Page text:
Some of us don’t do well with gluten or a lot of sugar and grains and for a lot of us it is because our bodies need to heal. Maybe in time we will be able to have those things again as part of a balanced diet. So please don’t be harsh with us about our choices, be compassionate, try to help but be kind, many people deal with all kinds of food issues and can easily be triggered by these kinds of arguments over what is “right”. Right for who? For you? Great, go with it, but please stop insinuating that your way is the only way or the BEST, because I can probably find just as many people who say it isn’t for them! Please get off your pulpit, preaching to everyone. There is DNA, environmental factors, stress, physiology, lifestyle to consider in every single person when trying to decide what is best to fuel their individual bodies.

STRESS is the real enemy and stressing about how to feed yourself, one of the fundamental blocks of life will be a struggle every day, several times a day if you can’t come to some sort of peace with it all. Provided that you don’t have an allergy, the stress of this will kill you faster than carbs, dairy or whatever is the taboo food of the day.

What do you think?

I want to finish this post on a high note and give a good example of simple, easy to prepare healthy food. This recipe comes from (but slightly modified) the cookbook Primal Blueprint Quick and Easy Meals. This just goes to show that although I don’t follow a particular diet, that I do find a lot of good recipes in the cookbooks! Plus, the original recipe calls for a dairy product which I find interesting! One thing I will never be is dogmatic about food! I love and adore food, but it is not my religion.

Turkish Eggs (adapted from Primal Blueprint: Quick and Easy Meals)

INGREDIENTS:
¼ cup plain full fat yogurt
1 large garlic clove, finely chopped
1 egg
2 TBS butter
Sprinkle of dry thyme
¼ tsp hot paprika
Pinch of salt

METHOD: Stir yogurt and garlic together and spread on serving plate. Fry the egg in 1 TBS of butter. At the same time in a small saucepan or butter warmer melt the other TBS of butter and add herbs and spices. Turn off heat when butter starts to sizzle and brown. Place fried egg on yogurt and drizzle with butter mixture.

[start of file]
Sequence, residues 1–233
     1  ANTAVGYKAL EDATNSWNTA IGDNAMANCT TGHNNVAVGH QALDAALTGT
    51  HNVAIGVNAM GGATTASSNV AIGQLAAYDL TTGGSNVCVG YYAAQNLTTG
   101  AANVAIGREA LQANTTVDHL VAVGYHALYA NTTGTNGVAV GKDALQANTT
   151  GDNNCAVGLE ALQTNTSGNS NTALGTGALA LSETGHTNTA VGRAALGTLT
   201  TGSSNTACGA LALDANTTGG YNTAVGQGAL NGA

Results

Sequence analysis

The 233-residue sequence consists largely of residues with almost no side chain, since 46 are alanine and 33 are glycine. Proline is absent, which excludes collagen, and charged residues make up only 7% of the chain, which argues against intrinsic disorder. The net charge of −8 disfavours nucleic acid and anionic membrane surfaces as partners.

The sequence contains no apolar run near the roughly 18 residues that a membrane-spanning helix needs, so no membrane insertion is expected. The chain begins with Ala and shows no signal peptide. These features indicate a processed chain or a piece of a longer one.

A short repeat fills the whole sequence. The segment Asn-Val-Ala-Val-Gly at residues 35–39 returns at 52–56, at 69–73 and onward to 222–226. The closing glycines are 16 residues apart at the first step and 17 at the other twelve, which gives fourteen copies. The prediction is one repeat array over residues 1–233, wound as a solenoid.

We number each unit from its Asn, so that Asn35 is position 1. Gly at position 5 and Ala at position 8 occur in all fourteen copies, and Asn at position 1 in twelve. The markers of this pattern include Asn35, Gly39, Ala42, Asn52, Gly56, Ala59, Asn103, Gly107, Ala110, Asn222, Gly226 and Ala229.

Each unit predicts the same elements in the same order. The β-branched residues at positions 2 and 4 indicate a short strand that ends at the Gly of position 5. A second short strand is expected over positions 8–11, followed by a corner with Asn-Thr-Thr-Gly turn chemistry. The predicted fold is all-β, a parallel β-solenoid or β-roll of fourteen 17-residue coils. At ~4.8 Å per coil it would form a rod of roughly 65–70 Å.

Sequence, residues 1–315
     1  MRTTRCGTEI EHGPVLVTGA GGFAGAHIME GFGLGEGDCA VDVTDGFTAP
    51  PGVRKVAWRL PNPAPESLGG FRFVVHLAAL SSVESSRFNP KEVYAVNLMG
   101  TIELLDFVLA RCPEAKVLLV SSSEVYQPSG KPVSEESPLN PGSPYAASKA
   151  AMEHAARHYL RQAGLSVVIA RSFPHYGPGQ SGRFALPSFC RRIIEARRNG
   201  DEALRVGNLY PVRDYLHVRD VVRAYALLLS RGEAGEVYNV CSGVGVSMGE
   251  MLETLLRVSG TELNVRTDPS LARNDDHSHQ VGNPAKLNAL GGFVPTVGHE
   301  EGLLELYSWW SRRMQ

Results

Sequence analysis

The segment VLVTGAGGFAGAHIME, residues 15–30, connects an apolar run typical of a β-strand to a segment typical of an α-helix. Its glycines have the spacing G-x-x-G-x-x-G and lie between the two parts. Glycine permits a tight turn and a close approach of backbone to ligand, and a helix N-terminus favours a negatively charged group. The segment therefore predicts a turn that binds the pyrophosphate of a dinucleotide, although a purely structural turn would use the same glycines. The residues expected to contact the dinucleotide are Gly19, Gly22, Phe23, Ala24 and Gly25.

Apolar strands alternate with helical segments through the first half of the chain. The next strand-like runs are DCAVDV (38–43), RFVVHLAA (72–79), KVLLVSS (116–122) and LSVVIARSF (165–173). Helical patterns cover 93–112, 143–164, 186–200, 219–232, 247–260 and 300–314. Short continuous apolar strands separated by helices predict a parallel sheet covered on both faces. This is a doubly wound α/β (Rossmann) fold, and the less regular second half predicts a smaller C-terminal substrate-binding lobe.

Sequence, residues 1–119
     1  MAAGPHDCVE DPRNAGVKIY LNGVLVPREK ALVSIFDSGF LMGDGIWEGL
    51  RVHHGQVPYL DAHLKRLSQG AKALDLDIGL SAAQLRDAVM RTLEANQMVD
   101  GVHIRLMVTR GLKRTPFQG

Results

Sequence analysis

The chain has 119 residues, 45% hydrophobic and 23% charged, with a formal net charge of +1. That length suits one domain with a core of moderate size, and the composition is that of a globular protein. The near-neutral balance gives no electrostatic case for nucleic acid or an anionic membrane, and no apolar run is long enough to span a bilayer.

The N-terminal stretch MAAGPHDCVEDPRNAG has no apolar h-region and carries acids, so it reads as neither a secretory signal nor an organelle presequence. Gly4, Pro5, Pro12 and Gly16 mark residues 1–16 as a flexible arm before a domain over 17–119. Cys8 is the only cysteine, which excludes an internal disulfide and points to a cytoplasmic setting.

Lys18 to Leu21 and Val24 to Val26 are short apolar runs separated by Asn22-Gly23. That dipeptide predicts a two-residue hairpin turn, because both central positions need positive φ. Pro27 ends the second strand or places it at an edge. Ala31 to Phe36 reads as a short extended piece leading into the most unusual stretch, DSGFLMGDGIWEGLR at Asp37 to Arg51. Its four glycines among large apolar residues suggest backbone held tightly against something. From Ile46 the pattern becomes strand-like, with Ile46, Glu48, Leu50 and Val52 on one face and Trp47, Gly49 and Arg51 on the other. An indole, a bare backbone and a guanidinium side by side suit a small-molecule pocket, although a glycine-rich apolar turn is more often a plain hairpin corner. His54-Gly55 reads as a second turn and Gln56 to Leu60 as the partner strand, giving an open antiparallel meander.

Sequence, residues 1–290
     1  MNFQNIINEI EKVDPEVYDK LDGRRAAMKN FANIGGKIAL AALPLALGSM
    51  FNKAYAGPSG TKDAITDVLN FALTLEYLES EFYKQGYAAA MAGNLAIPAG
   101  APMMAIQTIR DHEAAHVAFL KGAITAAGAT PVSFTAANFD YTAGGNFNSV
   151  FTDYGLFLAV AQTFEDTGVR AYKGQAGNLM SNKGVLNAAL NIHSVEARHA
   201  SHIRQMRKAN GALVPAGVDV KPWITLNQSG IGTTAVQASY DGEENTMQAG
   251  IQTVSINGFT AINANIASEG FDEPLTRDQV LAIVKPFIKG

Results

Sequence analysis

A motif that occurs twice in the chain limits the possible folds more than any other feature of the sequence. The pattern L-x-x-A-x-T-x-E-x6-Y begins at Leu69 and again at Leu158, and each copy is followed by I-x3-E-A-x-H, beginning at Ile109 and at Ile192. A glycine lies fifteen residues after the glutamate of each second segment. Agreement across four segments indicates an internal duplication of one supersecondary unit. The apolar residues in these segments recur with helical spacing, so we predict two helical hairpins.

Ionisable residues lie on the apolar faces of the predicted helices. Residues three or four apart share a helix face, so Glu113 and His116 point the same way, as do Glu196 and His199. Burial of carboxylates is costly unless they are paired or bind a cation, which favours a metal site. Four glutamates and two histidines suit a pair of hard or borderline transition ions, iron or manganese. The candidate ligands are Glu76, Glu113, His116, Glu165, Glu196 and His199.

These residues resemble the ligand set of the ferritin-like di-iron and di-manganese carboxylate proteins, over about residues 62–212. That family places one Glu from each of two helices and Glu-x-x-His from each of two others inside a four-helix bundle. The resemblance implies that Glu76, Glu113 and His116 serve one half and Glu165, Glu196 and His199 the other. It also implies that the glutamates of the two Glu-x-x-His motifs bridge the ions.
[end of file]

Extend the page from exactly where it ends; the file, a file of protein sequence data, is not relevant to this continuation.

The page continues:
Buckwheat Noodles with Mushrooms and Sour Cream

 

Now that the hub-bub of the holidays is winding down, I know I am looking forward to more simplicity when it comes to meal times and I am craving earthy dishes to offset the sweets I have been eating. Although I love the holiday season and all of its indulgences, after several weeks of big celebratory meals, it is nice to get back to basics.

This dish has become one of our favorites, we eat it about once a week. It is a quick and easy go-to kind of meal when you are tired and just don’t know what to cook! We came up with it during the holiday season, when we were busy and/or tired of cooking. It is perfect now also for winding down and simplicity.

I must admit I am not a huge fan of pasta…my guess is because my body knew I was gluten intolerant long before I did, and so subconsciously it dreaded that king of all gluten-ey dishes…the big bowl of pasta. But I am seriously addicted to this bowl of soba noodles mixed with sweet leeks fried in brown butter, deeply earthy mushrooms and thick and creamy sour cream. So so good, you will love it.

A note of caution, if you are gluten-intolerant make sure that the package of Soba or Buckwheat noodles you throw in your basket is in fact gluten-free. Oftentimes, I find packages that also contain wheat.

INGREDIENTS:

2 TBS of browned butter (to make browned butter, place butter in a small saucepan and melt, keep cooking past melting until the butter begins to brown, once is smells sweet and delicious, take it off the burner, it is ready to use)
1 cup of reconstituted dried mushrooms, squeezed dry (keep the water to make mushroom stock or use in other recipes) – chop if the pieces are really big
½ cup sliced leeks (you could also use caramelized onions)
1 large clove of garlic, finely minced
1- 8 oz. package of Soba Noodles (I use King Soba Organic Sweet Potato and Buckwheat Noodles)
½ cup organic full-fat Sour Cream (Greek yogurt would work beautifully as well)
Grated parmesan cheese to taste
1-2 more TBS of butter to mix in your pasta

METHOD:

Start your pasta water. Make the browned butter, then sautee the mushrooms over medium heat in the butter for about 5 minutes, or until nice and soft, then add the leeks and garlic, sautee another 5 minutes. Now cook your pasta – it only takes about 3-5 minutes. Once it is finished cooking, drain the noodles and add them to the skillet with the vegetables. Add the sour cream, parmesan cheese and extra butter, mix and serve.